There are so many! But one thing that really obsesses me is a type of sound I often imagine, and can sometimes hear, which embodies a kind of absolutely abstracted, rarified, astringent ascetic purity. It's the sound resonating inside the skulls of meditating zen monks, the sonic emanations of an immaculate Greek temple of perfect proportions formed in white alabaster, the distilled, hushed roar of the void. The closest I have come so far can be heard in certain parts of 'Resonantform' on my Points of Fissure album. But I'm not all the way there yet.
Tell me one impossible project you would like to realize.
Sometimes I dream about, and even make plans and sketches for, an attempt at a really grand 'Gesamtkunstwerk' to be played in a proscenium theater with an improvising orchestra, plus a rock band, a choir and an electronic ensemble as well as dancers, projections, kinetic lighting, spoken word passages, and various aromas released in the room. It will have a rather grand theme based on the rites of Eleusis and Orpheus, but transposed to modern referents. In a different type of society, it would also involve aerosol dispersal of short-term psychedelics. I expect it's too ambitious and expensive for me to actually realize, but I believe envisioning and planning it is a useful exercise anyway.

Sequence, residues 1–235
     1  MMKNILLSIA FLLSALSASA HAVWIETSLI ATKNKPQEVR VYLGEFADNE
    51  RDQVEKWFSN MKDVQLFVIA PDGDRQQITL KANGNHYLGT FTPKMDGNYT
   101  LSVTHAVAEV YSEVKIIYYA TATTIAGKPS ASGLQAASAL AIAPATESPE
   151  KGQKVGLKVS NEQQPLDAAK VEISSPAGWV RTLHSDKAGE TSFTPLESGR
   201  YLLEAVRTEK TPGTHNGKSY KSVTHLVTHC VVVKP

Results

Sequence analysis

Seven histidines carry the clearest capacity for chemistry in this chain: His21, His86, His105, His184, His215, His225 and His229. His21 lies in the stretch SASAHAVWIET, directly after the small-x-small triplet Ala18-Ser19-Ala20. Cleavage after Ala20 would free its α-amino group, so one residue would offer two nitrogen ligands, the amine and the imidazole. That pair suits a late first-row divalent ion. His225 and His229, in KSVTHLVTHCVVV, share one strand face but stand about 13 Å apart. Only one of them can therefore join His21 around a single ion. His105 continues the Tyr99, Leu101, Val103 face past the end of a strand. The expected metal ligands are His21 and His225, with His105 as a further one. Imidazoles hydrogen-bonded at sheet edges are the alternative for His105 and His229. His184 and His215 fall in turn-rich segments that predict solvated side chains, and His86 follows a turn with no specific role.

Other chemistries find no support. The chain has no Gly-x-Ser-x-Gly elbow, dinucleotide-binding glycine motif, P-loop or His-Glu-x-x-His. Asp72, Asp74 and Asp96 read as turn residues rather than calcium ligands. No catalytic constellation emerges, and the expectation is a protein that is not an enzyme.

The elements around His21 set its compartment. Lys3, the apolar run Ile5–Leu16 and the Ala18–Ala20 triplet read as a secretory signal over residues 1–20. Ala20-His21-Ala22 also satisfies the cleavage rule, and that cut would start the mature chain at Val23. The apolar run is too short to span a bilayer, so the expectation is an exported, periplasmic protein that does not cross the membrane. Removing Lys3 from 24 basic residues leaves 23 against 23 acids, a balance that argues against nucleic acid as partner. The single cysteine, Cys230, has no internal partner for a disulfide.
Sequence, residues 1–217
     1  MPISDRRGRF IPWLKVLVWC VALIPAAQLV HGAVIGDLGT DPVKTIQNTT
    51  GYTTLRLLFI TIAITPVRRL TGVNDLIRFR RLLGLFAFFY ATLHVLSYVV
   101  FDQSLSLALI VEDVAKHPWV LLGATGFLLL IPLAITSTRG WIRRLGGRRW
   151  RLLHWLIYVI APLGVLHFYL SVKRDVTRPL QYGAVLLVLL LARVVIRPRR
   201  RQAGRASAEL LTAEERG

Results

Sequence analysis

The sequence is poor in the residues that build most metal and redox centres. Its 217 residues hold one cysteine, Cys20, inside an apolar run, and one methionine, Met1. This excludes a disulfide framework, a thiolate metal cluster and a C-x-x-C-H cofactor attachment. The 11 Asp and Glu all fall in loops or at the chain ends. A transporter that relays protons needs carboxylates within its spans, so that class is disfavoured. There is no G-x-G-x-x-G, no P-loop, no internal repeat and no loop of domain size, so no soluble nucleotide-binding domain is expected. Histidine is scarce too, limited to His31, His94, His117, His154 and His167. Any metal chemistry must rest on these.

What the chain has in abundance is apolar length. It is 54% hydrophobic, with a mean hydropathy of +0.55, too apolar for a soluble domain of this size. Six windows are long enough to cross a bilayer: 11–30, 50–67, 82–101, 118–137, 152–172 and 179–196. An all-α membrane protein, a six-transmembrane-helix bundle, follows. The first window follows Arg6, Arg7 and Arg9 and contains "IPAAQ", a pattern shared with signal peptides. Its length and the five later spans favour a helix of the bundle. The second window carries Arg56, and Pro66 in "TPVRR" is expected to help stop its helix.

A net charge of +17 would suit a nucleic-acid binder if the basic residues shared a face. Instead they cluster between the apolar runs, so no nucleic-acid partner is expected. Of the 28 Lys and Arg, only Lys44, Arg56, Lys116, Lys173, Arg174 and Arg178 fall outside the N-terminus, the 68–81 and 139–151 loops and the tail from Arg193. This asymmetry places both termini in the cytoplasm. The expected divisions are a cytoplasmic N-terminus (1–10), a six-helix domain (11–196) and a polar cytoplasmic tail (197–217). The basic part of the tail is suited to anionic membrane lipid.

How do you feel listening to your own music?
It's generally a necessary evil. When I listen to my own recordings, I tend to automatically focus on the problems and shortcomings of it, so it isn't usually a very pleasurable experience, but hopefully it leads to more subsequent refinement. There are however, those occasional moments when I hear something I've done without too much conscious attention, and I can appreciate the positive aspects of it. Once while living in Austin, I had the radio at work tuned to a local station, and when I left the room and returned, I heard a band absolutely freaking out and thought, "that's cool, I need to find out who this is and look into them". After about 30 seconds, a recognizable riff came in and I realized I was actually hearing a Primordial Undermind cut and just blindly enjoying it. I felt good about that.
Where are your roots? What are your secret influences?